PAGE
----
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5 Ways To Practice Mindfulness In Recovery

5 Ways to Practice Mindfulness in Recovery

When you are in recovery from alcohol or drug addiction, the ability to incorporate mindfulness habits into your life can be a restorative process. Mindfulness helps you let go of your need to control circumstances through addictive behavior. Below are five ways to practice mindfulness in recovery. Many of these practices are taught in residential addiction treatment programs, but they will help you wherever you are.

1.       Yoga – Yoga is a great way to practice mindfulness, especially for people who are in recovery. By focusing on the movement and sensations of your body in a peaceful setting, you can reconnect with your emotional and spiritual senses. Yoga offers clarity of mind by helping you to channel a deep inner peace and be restored to your full self. If you’re looking for a yoga guide, Taryn Strong is a certified ‘Yoga For Recovery’ teacher who hosts yoga retreats in British Columbia and destination retreats for people in recovery. She believes in yoga’s ability to help people recover spiritually and emotionally. Her program draws on a variety of principles, including the 12-step path to recovery, a popular model for addiction recovery that is used around the world. You can read more about Taryn and her current offerings at

2.       Meditation – Mediation can be practiced alone or in a small group, but it is most effective in solitude. Yoga often incorporates meditative elements, but meditation itself is a spiritual and emotional exercise without a physical component. When you meditate, find a quiet place where you can sit uninterrupted for an extended amount of time and think. As you meditate, you may be confronted with negativity as thoughts of your past addictions surface; try focusing on the positive aspects of your life, such as loved ones, the beauty of the nature around you, or simply the calming sensation of silence. Daily meditation will help you become stronger in resisting your addiction and being restored to health.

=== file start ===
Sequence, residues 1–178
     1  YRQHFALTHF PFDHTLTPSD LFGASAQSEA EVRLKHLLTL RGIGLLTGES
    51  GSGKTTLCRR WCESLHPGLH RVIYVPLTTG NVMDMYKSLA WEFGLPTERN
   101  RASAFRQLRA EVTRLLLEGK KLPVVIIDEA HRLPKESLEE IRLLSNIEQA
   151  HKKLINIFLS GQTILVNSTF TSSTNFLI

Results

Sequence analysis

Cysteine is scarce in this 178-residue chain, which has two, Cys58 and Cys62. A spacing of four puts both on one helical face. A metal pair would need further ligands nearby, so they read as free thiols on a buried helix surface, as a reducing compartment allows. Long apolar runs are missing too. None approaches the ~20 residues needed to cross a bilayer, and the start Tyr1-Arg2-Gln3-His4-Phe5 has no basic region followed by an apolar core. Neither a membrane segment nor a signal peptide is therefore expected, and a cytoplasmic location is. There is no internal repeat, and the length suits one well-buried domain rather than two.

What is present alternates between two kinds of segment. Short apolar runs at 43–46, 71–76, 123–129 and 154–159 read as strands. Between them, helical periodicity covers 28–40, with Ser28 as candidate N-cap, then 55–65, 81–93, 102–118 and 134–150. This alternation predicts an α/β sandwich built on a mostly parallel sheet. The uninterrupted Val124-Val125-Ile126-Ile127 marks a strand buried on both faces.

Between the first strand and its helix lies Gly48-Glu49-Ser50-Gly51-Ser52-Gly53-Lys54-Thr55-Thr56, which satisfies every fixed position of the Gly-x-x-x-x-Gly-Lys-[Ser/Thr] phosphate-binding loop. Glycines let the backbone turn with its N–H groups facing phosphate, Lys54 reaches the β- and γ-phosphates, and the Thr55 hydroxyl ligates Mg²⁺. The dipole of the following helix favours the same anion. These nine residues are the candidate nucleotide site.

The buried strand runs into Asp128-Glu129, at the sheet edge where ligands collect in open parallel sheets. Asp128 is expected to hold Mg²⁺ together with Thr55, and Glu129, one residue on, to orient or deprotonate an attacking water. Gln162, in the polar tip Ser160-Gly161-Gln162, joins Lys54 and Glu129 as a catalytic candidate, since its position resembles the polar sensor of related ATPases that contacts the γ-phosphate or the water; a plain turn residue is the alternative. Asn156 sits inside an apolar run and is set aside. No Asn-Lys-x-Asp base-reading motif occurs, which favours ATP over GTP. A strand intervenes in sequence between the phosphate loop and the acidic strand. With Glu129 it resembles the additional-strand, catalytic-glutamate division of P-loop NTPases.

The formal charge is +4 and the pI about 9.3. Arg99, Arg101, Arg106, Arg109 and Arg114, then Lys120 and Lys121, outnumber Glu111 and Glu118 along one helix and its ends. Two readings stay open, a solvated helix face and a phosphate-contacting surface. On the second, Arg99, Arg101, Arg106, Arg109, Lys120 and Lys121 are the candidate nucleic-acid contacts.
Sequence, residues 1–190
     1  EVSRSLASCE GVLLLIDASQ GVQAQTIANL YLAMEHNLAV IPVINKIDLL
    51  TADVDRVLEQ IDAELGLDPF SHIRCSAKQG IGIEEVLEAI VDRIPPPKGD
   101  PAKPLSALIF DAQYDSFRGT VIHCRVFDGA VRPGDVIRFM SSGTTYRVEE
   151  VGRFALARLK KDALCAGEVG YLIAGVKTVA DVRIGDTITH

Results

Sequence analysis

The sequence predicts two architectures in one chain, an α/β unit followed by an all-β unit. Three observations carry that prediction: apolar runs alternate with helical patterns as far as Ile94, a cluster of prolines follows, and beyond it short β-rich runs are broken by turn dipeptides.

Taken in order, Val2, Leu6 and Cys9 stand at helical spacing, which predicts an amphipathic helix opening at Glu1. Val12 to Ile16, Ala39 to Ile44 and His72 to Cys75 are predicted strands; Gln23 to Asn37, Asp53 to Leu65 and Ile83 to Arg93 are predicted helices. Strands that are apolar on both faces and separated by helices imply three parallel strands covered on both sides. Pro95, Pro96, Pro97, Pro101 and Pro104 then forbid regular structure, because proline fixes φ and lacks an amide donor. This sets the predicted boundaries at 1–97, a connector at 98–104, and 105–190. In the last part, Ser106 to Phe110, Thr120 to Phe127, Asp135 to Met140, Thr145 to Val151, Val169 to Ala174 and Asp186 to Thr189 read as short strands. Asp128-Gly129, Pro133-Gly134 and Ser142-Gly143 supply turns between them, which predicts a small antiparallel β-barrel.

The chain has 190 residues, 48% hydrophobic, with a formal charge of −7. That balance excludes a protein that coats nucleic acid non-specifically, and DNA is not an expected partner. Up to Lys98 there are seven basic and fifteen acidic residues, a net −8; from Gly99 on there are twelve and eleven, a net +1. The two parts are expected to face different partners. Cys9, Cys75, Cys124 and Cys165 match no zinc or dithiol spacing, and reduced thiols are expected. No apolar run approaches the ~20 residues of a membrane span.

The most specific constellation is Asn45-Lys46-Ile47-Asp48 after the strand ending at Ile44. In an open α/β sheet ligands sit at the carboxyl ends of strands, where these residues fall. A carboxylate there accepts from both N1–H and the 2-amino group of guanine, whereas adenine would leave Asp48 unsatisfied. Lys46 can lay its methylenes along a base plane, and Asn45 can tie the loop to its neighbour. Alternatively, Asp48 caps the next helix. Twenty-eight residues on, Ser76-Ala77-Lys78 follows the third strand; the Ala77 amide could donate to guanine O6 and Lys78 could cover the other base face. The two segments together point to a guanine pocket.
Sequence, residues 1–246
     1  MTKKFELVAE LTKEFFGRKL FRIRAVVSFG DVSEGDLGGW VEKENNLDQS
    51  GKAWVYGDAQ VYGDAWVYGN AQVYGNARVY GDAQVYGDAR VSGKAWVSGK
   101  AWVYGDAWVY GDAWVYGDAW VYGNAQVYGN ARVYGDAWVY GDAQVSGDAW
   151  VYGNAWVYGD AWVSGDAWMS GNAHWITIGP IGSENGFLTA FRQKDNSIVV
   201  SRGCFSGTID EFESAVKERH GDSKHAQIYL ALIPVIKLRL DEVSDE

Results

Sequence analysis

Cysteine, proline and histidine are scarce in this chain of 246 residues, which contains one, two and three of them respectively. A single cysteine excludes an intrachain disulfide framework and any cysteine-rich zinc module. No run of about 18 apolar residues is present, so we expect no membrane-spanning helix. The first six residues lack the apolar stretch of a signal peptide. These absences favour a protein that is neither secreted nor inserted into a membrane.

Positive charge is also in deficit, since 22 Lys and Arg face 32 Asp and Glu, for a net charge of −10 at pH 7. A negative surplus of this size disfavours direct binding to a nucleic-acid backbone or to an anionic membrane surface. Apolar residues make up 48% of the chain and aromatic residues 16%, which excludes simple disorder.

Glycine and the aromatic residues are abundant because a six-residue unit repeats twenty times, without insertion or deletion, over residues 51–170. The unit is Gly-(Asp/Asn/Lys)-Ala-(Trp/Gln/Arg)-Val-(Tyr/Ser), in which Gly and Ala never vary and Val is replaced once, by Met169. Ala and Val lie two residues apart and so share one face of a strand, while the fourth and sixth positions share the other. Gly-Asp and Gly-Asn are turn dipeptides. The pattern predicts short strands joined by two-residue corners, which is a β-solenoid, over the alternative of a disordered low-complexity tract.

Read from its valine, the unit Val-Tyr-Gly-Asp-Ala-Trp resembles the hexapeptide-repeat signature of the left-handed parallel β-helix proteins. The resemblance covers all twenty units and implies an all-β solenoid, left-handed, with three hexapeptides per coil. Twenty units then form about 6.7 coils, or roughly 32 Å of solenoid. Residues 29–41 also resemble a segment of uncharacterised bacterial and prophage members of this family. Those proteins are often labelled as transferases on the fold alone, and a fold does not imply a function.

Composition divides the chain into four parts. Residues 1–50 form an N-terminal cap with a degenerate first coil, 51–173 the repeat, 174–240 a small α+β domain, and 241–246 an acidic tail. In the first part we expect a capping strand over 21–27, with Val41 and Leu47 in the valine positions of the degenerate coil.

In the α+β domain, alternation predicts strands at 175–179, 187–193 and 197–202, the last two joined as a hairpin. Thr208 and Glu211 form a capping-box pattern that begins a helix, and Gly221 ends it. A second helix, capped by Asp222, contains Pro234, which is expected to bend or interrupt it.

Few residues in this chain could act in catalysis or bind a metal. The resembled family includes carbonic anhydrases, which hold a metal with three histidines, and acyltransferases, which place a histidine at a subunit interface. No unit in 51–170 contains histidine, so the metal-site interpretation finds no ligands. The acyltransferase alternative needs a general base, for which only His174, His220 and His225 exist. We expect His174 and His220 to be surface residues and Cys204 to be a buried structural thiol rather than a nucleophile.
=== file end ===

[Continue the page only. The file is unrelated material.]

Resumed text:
3.       Live in the moment – One of the greatest barriers to recovery is that we allow ourselves to be trapped in the mistakes of our past. Instead of focusing our minds and our energy on the present, we continually relive old experiences and perceive ourselves as the person we used to be. Focus instead on your surroundings and learn to appreciate your current circumstances. Enjoy the experience of spending time with friends and family, and don’t take the little things for granted, like a blooming flower or a delicious meal.

4.       Breathe – This sounds like the simplest and most obvious step, but it’s surprising how hard it can be for us to slow down. Part of an addiction’s power is that it maintains a non-stop hold over us when we don’t know how to pace ourselves. Try breathing very intentionally for a few minutes. You will find that deep, slow breaths have a calming effect and will quickly cause you to consider what truly matters in your life.

5.       Listen – When you are struggling with addiction, one of the problems is that you are not listening enough. You may have so much chatter going on in your head that you are oblivious to what is going on around you, and you aren’t willing to hear the people who are trying to help. When you are in recovery, this needs to stop. You need people around you who are speaking positive words of encouragement, and you need to get the distressing chatter out of your own head so that you can hear them. Listen to the good voices. Listen to what is happening around you in any given moment. Listening is about learning to be open, and this openness is one of the key ways to be mindful.

On your journey to recovery, make it your goal to be a more open and mindful person. At Cedars at Cobble Hill, we encourage everyone to practice these mindfulness techniques. Located on Vancouver Island in British Columbia, Cedars is the perfect tranquil setting for you to start on your road to recovery.

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